8. Congressional Record (House of Representatives), May 12, 1966, pp. 9977-78, reprint of an article by Morley Safer of CBS News. []
  9. National Public Radio, Morning Edition, August 9, 2007. []
  10. Atlanta Progressive News, June 3, 2007. As far as I can determine, Paul does not deny that these remarks, and others equally racist, appeared in his newsletter, but he claims that a staff member of his is the author of those remarks. []
  11. Ellen Willis, Dissent magazine, Fall 1997. []
William Blum is the author of: Killing Hope: US Military and CIA Interventions Since World War 2, Rogue State: A Guide to the World's Only Superpower, West-Bloc Dissident: A Cold War Memoir, Freeing the World to Death: Essays on the American Empire. He can be reached at: bblum6@aol.com. Read other articles by William, or visit William's website.

17 comments on this article so far ...

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  1. Linda Ponder said on August 13th, 2007 at 7:08am #

    Ron Paul is NOT a friend of corporations supported by government contracts, such as Halliburton and the others you mentioned, and has said so publicly. He would end special government favors (our tax dollars) to businesses if he were elected president. He is supportive of businesses that have succeeded without government interference and gives Bill Gates and Microsoft as an example. How can we despise someone who has given us the very medium of expression we are using now, and without government help?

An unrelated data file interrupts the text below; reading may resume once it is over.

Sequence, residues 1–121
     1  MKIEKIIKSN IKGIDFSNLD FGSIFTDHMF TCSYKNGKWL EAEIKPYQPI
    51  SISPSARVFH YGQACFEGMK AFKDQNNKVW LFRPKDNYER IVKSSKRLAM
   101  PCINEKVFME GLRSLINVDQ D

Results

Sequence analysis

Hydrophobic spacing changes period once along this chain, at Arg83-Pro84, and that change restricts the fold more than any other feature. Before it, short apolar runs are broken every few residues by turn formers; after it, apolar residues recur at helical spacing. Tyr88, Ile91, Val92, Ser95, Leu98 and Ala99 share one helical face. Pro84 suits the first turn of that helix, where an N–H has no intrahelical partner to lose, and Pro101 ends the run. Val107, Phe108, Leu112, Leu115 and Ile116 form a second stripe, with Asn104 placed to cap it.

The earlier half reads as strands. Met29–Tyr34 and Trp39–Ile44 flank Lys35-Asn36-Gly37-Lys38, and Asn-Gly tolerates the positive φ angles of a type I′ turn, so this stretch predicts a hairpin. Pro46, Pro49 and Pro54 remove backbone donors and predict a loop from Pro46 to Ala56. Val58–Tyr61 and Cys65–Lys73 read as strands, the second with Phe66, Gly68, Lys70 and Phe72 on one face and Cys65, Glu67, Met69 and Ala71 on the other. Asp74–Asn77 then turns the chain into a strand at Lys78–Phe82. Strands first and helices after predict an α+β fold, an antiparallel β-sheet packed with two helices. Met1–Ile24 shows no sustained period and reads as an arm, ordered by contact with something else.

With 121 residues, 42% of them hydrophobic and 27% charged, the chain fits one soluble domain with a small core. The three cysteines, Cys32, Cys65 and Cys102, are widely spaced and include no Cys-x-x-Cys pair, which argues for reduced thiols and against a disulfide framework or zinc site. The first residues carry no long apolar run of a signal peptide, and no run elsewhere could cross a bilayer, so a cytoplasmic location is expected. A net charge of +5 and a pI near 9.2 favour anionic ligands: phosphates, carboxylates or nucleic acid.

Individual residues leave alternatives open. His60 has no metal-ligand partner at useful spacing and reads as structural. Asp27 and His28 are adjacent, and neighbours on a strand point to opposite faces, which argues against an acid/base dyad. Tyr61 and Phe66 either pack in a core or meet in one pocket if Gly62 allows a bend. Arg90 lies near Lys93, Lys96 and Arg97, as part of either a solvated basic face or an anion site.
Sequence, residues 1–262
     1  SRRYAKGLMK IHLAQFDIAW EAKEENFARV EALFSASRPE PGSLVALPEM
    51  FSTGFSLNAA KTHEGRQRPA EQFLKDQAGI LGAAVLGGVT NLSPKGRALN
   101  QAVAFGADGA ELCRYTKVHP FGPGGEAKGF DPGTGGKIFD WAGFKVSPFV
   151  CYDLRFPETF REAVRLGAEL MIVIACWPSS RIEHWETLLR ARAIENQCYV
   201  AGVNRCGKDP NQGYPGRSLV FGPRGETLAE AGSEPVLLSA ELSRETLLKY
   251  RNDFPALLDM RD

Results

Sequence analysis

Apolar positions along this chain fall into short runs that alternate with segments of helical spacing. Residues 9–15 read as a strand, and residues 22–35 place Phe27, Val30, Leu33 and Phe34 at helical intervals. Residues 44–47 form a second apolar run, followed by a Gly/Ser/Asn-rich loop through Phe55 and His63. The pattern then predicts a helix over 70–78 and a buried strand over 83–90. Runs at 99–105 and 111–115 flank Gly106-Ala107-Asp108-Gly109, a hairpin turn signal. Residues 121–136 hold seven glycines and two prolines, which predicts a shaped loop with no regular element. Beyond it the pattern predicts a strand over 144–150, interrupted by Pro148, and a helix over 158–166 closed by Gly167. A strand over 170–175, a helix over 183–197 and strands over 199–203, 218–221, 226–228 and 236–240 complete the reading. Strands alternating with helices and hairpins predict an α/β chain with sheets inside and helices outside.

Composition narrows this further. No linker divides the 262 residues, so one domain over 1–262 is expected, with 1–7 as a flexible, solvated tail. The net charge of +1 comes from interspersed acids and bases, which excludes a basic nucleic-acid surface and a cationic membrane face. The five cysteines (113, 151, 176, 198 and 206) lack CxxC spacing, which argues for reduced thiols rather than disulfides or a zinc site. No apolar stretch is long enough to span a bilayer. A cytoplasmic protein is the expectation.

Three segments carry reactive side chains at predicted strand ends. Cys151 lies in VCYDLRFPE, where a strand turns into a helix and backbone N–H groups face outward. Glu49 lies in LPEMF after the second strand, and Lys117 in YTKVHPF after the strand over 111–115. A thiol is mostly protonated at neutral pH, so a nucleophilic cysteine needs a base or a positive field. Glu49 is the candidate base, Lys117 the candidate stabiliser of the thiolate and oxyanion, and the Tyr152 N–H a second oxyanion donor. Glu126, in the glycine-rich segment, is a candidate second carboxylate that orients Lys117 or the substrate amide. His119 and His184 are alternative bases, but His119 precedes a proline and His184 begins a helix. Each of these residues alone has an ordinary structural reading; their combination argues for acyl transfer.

Ron Paul would never abruptly end Social Security and Medicare. He is fully aware that a whole generation of Americans has been encouraged to depend on government (again, our tax dollars) for their support and a transition period would be required. This is a serious issue that requires more than a passing statement, but we must realize that these large entitlement programs are crippling our economy and the future of our children. In 1971-72, I was able to support myself and my husband on $400 a month and still save money. My children today could not get by on that because of inflation, and that is a direct result of government printing money to support all of the entitlement programs it has passed. How can we be charitable when we have no money to be charitable with? And yes, I firmly believe charity would flourish even more than it does now if the government would stop taxing us to the hilt!

    You should not be afraid that people who are unable to support themselves, through no fault of their own, would be cruelly forgotten should government recede from our lives. Ron Paul, when he was working as a physician, never accepted Medicare, but instead provided his services free of charge to those patients! All of your concerns about Ron Paul’s political beliefs can be addressed at his website, RonPaul2008.com.

  2. Lloyd said on August 13th, 2007 at 7:24am #

    Thank you William Blum. Especially for the first four sections, which are such direct hits I couldn’t add a word.

    Regarding Libertarians and corporations and your characterization of the latter as being in a state of “runaway capitalism,” I give you another appellation I first heard a couple of months ago from a college roomate from the 1960’s whom I’ve never considered radical: “capitalism on steroids.”

  3. Jonathan said on August 13th, 2007 at 9:19am #